Henri Cole has written many powerful poems, but “Radiant Ivory” is one of my favorites, starting with the title, which seems so vibrant just on its own. I think it is the specificity of the language that makes the poem come to life for me. Phrases like “perforated silver box,” and snow as “white, insane, slathery,” reflecting the poet’s inner turmoil:
After the death of my father, I locked
myself in my room, bored and animal-like.
The travel clock, the Johnnie Walker bottle,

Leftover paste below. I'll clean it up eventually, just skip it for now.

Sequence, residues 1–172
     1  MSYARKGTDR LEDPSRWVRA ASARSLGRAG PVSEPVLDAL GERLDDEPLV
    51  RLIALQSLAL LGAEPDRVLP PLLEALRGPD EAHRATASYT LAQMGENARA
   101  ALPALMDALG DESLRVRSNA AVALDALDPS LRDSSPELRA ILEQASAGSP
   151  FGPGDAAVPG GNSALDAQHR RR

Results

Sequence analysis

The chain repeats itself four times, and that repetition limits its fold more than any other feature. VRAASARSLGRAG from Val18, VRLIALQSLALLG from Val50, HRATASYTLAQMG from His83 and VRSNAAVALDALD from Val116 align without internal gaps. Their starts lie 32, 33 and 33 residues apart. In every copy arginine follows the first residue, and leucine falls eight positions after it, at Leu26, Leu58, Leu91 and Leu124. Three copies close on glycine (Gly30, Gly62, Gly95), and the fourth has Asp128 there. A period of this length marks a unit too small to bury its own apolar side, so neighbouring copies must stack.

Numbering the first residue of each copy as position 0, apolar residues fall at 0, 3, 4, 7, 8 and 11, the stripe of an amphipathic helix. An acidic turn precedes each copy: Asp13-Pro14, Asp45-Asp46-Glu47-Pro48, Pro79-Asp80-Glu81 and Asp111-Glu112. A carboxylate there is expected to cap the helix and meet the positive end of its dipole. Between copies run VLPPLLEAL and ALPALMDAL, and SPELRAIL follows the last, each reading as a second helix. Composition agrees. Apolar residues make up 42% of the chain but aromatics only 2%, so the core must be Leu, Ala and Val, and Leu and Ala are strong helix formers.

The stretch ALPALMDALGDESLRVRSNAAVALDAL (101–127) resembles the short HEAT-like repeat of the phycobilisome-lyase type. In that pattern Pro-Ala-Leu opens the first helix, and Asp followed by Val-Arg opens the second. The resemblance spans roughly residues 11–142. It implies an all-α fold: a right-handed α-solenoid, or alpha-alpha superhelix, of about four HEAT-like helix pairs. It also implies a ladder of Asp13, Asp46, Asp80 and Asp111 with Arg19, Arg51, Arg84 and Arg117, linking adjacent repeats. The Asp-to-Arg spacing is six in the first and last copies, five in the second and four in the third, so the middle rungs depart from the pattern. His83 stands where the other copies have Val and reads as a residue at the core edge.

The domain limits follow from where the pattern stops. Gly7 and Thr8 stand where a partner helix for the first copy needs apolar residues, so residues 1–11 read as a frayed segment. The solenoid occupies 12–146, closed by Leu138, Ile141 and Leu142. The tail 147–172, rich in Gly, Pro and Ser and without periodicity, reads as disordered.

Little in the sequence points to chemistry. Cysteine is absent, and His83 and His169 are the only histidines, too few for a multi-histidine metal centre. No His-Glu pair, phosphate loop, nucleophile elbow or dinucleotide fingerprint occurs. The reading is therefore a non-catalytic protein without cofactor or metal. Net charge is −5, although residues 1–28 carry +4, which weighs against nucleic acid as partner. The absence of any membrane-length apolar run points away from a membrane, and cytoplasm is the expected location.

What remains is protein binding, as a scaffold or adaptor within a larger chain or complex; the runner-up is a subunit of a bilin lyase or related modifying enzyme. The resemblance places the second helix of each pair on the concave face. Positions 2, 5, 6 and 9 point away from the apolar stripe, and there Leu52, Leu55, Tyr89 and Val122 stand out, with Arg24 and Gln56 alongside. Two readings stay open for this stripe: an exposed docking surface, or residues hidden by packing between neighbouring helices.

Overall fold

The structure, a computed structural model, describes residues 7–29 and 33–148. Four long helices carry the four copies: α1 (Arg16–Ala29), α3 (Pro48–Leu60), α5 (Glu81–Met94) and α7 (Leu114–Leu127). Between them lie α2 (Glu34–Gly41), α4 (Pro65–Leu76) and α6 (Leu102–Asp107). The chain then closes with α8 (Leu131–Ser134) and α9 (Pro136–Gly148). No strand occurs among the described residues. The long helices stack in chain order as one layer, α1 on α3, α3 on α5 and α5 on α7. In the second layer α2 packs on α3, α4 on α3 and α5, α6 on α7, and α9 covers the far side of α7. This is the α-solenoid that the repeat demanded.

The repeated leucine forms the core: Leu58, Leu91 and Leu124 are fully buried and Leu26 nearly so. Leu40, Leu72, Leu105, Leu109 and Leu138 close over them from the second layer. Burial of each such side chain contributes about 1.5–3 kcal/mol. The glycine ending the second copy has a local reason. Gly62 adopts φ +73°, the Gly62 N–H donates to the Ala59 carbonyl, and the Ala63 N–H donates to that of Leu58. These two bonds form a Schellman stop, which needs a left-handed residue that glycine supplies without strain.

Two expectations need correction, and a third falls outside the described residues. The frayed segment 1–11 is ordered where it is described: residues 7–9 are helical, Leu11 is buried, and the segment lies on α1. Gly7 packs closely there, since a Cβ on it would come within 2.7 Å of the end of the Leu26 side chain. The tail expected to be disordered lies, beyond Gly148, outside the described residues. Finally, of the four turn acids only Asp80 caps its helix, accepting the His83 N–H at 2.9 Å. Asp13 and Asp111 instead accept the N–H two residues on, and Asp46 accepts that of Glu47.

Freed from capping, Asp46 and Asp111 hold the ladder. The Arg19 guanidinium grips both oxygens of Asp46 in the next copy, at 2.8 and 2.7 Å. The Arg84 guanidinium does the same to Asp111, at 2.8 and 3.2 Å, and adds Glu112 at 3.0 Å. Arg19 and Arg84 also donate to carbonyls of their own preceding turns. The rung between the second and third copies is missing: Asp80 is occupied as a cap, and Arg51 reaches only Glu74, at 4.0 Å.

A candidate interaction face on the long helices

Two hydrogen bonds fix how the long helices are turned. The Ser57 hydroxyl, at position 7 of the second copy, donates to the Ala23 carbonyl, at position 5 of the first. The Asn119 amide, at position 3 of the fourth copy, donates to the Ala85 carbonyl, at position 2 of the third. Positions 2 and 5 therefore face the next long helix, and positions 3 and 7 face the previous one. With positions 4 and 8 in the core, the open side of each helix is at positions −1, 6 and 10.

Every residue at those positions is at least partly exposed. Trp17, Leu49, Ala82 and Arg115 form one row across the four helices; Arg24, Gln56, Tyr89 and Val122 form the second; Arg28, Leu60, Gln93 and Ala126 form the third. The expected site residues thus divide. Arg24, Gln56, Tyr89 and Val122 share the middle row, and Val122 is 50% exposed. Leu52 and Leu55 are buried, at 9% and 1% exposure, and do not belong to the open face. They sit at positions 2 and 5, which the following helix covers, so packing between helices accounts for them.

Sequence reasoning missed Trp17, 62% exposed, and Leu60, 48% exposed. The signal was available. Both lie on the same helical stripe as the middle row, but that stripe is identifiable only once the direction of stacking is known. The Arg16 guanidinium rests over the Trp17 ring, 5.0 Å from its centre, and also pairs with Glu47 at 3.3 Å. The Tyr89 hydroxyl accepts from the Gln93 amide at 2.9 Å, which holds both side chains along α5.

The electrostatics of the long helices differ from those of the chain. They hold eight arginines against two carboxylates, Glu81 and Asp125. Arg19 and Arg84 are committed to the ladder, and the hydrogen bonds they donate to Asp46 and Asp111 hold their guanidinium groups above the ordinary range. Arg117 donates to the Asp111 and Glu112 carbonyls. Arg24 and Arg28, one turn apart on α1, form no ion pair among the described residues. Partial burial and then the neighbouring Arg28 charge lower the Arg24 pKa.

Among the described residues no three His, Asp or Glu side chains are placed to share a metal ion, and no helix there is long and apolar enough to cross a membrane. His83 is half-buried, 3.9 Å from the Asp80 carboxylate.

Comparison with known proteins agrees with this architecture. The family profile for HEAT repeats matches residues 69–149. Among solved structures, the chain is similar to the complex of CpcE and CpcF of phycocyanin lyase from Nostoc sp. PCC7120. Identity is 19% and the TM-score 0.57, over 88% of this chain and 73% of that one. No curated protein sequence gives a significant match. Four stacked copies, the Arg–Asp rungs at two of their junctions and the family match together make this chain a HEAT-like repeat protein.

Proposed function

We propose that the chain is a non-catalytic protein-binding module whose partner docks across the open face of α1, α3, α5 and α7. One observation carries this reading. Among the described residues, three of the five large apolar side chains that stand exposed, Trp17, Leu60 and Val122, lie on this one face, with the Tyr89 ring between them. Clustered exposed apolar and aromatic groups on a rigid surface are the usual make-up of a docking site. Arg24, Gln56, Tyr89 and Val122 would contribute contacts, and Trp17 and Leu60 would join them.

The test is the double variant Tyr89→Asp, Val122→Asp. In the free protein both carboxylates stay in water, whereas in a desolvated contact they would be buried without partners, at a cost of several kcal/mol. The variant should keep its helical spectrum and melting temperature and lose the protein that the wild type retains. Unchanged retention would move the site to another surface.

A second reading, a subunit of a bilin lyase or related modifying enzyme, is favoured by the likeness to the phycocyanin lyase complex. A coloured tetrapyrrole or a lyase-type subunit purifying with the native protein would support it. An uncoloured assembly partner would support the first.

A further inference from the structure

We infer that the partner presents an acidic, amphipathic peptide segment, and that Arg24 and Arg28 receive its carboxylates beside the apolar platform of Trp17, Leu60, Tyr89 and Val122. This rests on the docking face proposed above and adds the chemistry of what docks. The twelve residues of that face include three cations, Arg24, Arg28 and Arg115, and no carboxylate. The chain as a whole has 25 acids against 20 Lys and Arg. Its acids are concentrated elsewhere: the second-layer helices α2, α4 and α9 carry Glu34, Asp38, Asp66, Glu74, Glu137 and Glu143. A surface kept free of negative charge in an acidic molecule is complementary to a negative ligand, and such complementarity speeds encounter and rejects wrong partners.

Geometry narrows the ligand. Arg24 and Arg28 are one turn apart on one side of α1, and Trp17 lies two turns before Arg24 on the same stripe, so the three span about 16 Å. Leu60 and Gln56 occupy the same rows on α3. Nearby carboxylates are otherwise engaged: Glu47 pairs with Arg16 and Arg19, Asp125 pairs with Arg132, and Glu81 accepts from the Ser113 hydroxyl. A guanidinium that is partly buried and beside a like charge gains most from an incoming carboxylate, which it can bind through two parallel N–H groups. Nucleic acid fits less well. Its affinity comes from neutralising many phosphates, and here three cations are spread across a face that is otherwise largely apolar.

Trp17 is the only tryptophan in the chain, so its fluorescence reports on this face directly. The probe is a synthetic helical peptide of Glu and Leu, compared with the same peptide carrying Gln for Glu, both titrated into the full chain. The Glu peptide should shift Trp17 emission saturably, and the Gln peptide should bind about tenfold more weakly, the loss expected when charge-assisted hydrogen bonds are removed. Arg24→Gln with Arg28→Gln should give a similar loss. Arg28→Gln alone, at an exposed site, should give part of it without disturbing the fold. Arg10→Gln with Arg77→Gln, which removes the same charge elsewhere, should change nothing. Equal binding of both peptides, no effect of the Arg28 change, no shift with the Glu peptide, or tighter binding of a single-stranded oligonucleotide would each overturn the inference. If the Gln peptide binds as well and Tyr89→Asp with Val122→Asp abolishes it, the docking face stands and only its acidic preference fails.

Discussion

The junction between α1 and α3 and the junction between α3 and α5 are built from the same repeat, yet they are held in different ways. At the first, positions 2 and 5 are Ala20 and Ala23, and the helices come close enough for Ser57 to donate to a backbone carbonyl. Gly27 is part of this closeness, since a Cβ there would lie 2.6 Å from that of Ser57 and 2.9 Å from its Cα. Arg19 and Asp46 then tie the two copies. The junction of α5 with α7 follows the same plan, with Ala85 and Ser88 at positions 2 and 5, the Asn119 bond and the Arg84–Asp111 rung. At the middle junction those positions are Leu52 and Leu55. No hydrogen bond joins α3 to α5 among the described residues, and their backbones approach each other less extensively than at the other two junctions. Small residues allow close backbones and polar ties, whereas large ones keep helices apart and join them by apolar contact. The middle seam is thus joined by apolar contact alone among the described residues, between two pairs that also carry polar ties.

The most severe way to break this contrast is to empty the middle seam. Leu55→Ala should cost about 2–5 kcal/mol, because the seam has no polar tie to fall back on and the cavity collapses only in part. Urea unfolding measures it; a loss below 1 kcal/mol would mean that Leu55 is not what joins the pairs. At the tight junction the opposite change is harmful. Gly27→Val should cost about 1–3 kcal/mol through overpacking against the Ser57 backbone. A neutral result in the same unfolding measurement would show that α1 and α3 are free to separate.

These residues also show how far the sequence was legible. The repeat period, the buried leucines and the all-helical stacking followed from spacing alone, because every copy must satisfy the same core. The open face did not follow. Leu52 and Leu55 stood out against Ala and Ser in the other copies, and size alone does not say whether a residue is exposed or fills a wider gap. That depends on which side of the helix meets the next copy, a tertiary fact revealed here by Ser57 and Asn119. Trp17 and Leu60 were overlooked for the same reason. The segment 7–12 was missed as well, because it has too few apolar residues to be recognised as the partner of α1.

the parrot tulips—everything possessed his face,
chaste and obscure. Snow and rain battered the air
white, insane, slathery. Nothing poured
out of me except sensibility, dilated.
It was as if I were sub-born—preverbal,
truculent, pure—with hard ivory arms
reaching out into a dark and crowded space,
illuminated like a perforated silver box
or a little room in which glowing cigarettes
came and went, like souls losing magnitude,
but none with the battered hand I knew.
from Middle Earth, Farrar, Straus & Giroux